Wednesday, March 14, 2007

American Born Cooking Desi

Wow, this is a real honor. I'm really, really excited to be the first non-founding poster. First, about me: some of you (not many) will know me as Eck17. Others will know me as "the dumbest smart kid they know" (thanks, Tazo!). In real life, I do math. In non-real life, I play ultimate.

What qualifies me to write on this blog? I was a member of the late, lamented Dinner Club in Chicago. You can read about it here and here. I travel a lot. So, I get to eat interesting food in interesting places (bouillabaisse in the south of France, falafel in Israel, all kinds of amazing ethnic food in Toronto, etc., etc.).Finally, I'm of Indian (dot on the forehead, not Squanto) descent. Thus, I'm going to focus mainly on Indian food in my writing (I'm also, currently, writing this in India).

Now, you might say, didn't Drew already write about and express his love for Indian food (and, I might add, drop my name in a VERY flattering manner)? Yes, he did. But, with all due respect, Drew knows NOTHING about Indian food. And since I said with all due respect, he can't get mad. It's in the Geneva conventions. Look it up.

OK, so that's not quite fair. What I should say is that the Indian food Drew (and he knows more than essentially all Americans) knows about is but a tiny sliver of the vast variety of deliciousness prepared on this subcontinent. Now, I may not know a much larger percentage, but I do know a different percentage.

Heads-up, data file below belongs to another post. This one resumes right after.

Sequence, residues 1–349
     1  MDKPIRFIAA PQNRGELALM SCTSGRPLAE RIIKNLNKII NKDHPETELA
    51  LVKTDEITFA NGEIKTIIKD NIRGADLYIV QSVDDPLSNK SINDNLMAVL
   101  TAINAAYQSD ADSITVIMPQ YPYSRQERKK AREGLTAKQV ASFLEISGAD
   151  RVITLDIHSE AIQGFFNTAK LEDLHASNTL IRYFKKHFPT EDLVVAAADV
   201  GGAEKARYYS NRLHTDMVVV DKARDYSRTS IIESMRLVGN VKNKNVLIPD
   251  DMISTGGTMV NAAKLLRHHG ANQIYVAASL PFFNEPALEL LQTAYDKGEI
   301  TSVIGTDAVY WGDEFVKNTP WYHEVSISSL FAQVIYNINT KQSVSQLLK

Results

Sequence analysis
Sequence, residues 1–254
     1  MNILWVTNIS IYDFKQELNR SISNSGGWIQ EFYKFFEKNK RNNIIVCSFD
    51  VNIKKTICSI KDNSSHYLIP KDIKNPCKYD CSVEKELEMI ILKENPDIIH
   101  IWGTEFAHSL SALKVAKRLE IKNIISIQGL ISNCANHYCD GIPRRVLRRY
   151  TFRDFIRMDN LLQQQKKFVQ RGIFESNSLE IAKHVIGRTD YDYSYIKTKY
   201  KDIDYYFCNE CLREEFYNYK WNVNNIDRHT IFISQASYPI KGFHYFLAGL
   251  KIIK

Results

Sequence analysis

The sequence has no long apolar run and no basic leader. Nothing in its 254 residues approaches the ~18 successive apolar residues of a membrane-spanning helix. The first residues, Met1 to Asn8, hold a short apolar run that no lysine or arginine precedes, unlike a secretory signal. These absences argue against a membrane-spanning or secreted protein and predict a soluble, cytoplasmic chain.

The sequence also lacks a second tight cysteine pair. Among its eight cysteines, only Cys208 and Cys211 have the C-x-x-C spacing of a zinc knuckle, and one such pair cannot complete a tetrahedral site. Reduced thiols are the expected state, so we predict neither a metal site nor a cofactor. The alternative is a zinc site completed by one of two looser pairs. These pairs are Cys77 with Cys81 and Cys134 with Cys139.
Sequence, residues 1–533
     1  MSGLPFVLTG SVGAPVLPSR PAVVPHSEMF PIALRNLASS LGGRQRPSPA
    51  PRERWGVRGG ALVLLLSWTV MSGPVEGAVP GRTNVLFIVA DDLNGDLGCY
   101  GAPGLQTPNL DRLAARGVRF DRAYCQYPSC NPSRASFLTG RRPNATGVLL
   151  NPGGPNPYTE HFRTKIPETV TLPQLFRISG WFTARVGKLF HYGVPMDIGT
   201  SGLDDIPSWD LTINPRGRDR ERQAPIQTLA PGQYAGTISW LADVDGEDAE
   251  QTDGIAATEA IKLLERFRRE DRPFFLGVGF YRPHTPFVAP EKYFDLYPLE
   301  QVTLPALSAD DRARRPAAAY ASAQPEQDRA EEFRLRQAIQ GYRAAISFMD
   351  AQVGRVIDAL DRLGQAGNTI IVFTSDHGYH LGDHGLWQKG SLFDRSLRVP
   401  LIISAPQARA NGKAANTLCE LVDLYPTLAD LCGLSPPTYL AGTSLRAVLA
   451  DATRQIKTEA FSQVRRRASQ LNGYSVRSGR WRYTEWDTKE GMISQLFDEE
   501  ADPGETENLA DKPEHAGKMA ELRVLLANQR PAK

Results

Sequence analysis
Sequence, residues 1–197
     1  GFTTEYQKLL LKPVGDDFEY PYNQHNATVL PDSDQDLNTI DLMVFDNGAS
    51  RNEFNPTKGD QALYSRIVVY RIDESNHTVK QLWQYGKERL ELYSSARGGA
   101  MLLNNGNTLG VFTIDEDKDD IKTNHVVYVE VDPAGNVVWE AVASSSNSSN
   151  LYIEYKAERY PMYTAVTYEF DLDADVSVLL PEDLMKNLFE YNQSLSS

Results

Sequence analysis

More precisely, most of the Indian food that's served in the U.S. is actually an interpretation of Punjabi/Mughlai cuisine. It's from a specific region of Northwest India, and what you get in a restaurant is basically rich, banquet-type food, not an everyday meal. Every now and then you'll hit a South Indian restaurant, which will serve dosas, and idlis, which, while delicious and integral parts of Tamil cuisine, are basically breakfast/snack food.

So, imagine if you ate a bunch of roasts and boiled vegetables with white sauce, and every so often some bacon and eggs, and maybe a croissant, and then, using that, formed an opinion of "European" food. You'd be crazy, right? (funnily enough, in a lot of places in India there is something known as "Continental" cuisine, which is basically what I described above).

So what I'm going to try and do is to highlight the cuisines of my parent's home states, Assam (in the northeast), and Tamil Nadu (in the south). I'll probably try and take it one dish at a time, and hopefully include some rough approximation to a recipe (I cook according to taste, in Indian slang, by andaaz). I'll also occasionally try and describe/cook other popular foods in India that don't often see the light of day in the U.S.

No comments: